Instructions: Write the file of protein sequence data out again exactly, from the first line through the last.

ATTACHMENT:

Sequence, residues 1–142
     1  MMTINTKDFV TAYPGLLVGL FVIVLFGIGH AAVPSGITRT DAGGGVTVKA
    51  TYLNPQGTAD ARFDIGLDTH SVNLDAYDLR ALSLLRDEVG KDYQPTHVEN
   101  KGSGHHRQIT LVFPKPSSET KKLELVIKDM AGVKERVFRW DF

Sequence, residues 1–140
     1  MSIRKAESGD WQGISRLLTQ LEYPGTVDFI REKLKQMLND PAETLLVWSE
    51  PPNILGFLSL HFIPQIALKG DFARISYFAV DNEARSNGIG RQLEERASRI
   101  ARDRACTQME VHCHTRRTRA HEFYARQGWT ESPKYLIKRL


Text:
Sequence, residues 1–142
     1  MMTINTKDFV TAYPGLLVGL FVIVLFGIGH AAVPSGITRT DAGGGVTVKA
    51  TYLNPQGTAD ARFDIGLDTH SVNLDAYDLR ALSLLRDEVG KDYQPTHVEN
   101  KGSGHHRQIT LVFPKPSSET KKLELVIKDM AGVKERVFRW DF

Sequence, residues 1–140
     1  MSIRKAESGD WQGISRLLTQ LEYPGTVDFI REKLKQMLND PAETLLVWSE
    51  PPNILGFLSL HFIPQIALKG DFARISYFAV DNEARSNGIG RQLEERASRI
   101  ARDRACTQME VHCHTRRTRA HEFYARQGWT ESPKYLIKRL